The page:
Here's a recent photoshop project where I needed some references for hair and skin colors: the image on the right is the original, at left is the (heavily) photoshopped version.
The first step is being clear on why you want to change colors. Sometimes just getting white balance correct is all you are looking for. This tutorial is for those times you are trying to create a color that is difficult to get from the original (as in the above example), or create a new color completely.
You might simply be experimenting to find something that looks good. For those times (like the shirt in the sample above) you can simply adjust hue, saturation and lightness until it looks right. Another goal is to try to change something to a target color. I wanted the hair and skin in the photo above to match typical sample colors.
To match to a color, the first step is get color swatch(es) of the color(s) you need. I've assembled a reference image containing hair, skin, sky and water colors you can use at the end of this post (below).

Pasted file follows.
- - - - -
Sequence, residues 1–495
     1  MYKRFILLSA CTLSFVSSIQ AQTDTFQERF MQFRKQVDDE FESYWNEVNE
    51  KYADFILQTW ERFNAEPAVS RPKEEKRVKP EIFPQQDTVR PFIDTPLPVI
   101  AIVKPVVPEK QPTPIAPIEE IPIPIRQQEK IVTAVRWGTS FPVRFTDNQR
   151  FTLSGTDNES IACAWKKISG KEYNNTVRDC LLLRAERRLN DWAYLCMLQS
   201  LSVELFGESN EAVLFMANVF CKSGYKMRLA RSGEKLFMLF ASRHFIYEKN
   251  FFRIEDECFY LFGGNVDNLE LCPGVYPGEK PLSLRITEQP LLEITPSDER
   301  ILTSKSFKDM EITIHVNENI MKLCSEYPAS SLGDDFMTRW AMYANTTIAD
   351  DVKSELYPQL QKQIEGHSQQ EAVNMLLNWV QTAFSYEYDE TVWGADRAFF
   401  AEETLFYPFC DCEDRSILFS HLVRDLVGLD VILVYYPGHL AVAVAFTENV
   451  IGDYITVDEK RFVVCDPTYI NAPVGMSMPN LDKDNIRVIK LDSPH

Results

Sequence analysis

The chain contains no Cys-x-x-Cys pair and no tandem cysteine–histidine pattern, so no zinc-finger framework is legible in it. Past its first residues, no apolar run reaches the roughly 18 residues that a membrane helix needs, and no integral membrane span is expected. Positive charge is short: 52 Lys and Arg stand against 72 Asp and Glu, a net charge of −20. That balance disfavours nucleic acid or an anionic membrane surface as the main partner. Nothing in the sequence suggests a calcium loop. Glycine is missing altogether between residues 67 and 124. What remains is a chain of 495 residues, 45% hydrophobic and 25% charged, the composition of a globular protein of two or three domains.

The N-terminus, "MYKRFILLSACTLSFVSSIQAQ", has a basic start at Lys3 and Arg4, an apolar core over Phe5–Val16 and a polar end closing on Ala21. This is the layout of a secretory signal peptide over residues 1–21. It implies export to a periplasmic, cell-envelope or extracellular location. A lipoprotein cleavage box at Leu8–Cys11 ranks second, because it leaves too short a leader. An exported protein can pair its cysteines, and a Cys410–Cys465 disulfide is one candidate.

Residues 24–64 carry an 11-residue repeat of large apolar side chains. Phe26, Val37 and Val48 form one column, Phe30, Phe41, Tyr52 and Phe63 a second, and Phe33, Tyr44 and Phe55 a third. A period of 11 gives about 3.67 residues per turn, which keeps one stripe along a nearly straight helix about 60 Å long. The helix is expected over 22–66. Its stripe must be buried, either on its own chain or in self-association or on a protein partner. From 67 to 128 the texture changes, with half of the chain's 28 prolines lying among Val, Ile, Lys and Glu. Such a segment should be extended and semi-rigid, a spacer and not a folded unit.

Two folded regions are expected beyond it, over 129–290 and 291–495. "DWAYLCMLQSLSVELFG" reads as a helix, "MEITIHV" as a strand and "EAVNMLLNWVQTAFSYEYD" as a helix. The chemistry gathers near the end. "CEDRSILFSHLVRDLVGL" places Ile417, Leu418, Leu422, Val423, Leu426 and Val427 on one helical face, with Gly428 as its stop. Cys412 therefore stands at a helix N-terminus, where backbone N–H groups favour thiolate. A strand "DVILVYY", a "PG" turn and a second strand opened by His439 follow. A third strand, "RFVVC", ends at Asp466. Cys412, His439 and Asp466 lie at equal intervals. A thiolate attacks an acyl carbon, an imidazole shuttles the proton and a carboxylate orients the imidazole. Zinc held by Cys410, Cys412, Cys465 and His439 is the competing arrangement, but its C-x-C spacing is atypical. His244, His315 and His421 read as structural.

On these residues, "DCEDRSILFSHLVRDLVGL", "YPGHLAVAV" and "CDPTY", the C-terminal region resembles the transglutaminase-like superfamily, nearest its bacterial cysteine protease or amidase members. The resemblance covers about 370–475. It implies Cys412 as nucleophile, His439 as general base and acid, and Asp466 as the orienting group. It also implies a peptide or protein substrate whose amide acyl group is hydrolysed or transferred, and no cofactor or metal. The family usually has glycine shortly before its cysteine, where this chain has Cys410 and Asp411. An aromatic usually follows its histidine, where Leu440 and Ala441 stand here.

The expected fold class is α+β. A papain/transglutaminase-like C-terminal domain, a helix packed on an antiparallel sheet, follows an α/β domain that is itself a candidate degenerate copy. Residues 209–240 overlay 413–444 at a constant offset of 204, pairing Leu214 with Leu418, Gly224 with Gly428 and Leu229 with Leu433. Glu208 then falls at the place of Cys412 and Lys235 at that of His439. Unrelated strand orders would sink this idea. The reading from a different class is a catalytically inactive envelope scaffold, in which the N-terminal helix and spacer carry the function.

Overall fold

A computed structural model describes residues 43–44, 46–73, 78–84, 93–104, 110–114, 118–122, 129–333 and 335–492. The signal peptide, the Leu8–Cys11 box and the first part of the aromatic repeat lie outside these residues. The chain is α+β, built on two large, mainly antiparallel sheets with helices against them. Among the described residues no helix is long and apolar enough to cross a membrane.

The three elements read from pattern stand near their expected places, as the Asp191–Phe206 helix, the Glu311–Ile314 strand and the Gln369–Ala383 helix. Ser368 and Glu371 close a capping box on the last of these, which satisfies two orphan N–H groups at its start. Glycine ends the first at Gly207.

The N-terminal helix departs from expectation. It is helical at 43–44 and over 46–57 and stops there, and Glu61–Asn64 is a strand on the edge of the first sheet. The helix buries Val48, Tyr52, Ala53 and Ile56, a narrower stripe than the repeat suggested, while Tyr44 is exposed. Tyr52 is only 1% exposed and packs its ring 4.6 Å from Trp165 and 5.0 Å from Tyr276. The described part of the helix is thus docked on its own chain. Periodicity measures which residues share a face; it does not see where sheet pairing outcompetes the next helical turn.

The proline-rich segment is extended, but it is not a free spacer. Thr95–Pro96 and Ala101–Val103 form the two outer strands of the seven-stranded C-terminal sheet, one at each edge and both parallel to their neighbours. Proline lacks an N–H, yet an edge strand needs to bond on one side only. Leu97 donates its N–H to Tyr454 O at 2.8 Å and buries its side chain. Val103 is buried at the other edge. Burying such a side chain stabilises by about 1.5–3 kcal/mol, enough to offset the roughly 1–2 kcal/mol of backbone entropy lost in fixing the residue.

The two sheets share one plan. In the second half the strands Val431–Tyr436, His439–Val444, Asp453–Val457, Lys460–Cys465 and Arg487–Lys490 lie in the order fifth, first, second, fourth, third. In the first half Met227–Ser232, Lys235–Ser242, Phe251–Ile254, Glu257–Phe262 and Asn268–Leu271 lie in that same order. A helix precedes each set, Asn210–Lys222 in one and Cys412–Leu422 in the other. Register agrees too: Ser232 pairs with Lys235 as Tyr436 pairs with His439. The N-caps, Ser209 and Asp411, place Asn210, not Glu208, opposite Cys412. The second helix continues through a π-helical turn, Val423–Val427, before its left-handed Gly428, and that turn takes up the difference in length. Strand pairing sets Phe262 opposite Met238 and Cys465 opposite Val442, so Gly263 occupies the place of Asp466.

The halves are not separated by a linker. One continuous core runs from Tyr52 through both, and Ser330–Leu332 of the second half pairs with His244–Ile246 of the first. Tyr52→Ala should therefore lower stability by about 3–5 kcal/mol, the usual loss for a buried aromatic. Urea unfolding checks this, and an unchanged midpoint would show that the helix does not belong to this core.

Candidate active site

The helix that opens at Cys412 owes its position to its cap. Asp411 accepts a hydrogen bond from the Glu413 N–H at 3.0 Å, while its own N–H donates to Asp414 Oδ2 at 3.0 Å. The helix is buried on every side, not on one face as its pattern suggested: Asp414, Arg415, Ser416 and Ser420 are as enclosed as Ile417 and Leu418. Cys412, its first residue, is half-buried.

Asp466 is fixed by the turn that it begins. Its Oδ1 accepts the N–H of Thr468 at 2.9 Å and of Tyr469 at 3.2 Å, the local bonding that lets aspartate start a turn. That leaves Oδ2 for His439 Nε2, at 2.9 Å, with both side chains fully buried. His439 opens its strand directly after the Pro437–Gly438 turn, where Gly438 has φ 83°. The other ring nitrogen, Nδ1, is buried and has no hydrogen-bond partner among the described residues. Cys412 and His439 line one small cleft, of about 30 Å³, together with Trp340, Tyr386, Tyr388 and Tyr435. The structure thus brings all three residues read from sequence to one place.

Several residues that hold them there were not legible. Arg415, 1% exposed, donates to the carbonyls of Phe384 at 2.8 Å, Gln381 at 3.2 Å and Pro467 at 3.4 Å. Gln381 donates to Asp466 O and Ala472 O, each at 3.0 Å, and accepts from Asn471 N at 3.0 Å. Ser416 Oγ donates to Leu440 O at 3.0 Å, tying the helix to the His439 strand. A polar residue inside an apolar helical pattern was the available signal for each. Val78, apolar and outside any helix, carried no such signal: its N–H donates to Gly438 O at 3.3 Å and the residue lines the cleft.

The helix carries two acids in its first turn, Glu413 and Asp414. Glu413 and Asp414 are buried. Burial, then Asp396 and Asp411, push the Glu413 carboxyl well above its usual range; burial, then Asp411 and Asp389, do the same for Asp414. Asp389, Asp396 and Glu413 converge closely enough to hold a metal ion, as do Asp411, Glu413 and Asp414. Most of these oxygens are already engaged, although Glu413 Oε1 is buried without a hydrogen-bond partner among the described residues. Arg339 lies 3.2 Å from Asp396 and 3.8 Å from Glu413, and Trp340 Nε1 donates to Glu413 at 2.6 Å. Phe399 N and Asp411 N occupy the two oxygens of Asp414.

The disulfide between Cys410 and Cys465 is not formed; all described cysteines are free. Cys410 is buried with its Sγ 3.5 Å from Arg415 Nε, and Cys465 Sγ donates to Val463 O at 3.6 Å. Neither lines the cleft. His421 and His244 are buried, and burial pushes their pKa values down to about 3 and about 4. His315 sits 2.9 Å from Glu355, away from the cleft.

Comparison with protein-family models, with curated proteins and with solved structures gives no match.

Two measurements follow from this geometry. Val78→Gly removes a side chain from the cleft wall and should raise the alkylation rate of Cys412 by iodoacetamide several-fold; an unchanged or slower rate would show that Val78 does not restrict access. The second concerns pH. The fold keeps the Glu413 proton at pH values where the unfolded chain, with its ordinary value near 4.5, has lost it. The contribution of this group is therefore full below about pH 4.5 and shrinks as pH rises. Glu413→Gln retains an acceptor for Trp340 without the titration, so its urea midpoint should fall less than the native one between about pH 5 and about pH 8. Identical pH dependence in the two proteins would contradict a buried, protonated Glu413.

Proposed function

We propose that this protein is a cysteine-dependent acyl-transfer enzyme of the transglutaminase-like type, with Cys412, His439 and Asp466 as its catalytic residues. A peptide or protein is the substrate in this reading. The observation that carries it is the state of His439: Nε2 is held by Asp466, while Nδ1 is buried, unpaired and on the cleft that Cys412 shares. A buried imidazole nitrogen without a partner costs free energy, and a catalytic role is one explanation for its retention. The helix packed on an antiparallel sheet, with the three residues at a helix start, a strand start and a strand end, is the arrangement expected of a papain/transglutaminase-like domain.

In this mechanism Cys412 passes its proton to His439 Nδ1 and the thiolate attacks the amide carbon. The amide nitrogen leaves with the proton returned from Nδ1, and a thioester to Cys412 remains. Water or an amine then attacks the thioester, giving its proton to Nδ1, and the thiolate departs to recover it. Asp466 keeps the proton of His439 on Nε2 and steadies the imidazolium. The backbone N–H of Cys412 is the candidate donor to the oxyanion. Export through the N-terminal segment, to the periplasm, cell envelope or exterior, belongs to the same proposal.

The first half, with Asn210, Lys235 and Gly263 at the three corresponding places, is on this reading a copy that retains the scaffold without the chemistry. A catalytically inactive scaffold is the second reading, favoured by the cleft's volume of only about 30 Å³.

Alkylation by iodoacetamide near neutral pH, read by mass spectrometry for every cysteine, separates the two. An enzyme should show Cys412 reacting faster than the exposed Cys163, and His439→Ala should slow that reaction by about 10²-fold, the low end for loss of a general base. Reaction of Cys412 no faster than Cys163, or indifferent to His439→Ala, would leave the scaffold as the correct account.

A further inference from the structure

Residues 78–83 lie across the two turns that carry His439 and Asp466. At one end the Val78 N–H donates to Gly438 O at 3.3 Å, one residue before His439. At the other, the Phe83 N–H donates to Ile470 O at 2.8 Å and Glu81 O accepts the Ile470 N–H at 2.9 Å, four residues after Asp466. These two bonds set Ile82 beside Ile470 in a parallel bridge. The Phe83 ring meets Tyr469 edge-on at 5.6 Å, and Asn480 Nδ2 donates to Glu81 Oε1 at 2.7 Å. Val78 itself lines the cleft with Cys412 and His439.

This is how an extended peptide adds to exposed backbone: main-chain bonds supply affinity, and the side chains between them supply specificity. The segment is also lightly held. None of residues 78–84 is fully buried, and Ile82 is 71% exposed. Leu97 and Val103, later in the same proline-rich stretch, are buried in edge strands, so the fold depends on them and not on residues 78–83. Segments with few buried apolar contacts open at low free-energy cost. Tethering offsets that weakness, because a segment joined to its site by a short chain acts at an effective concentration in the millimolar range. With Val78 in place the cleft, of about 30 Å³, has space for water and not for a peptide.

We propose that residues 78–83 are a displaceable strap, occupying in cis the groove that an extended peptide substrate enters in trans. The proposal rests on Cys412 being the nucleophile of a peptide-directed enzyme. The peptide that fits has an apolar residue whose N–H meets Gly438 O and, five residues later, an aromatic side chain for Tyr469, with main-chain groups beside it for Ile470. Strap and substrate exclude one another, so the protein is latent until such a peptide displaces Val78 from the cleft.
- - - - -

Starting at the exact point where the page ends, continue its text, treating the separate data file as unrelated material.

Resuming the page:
To change existing colors in Photoshop
Again, the simplest method is to select a color range using the Hue/Saturation tool and then adjust the hue slider and mask out any areas you don't want changed. But in areas with complex highlights or shadows (such as hair) this sometimes doesn't work as well as you might prefer.
So either because you want to match a specific color, or for more advanced control, try Jim DiVitale's method instead. First, create three different layers of the same color, and set them to these blending modes and opacities:
- Top layer: color/50% opacity; Middle layer: overlay/25% opacity; Bottom layer: multiply/10% opacity. Feel free to experiment with different opacity settings. For example, if you're lightening dark hair, change multiply to screen.
- Insert a Hue/Saturation layer as the top layer of the group to give you more subtle control over the look of the new color if you wish.
- Group all these layers and add a mask for the entire group.
To change colors, you simply paint on the group mask to reveal or hide color changes! You can also create a second group of a similar color if you want to have slight variations in the color you are applying, or blend both together in a master group mask to average two (or more) colors.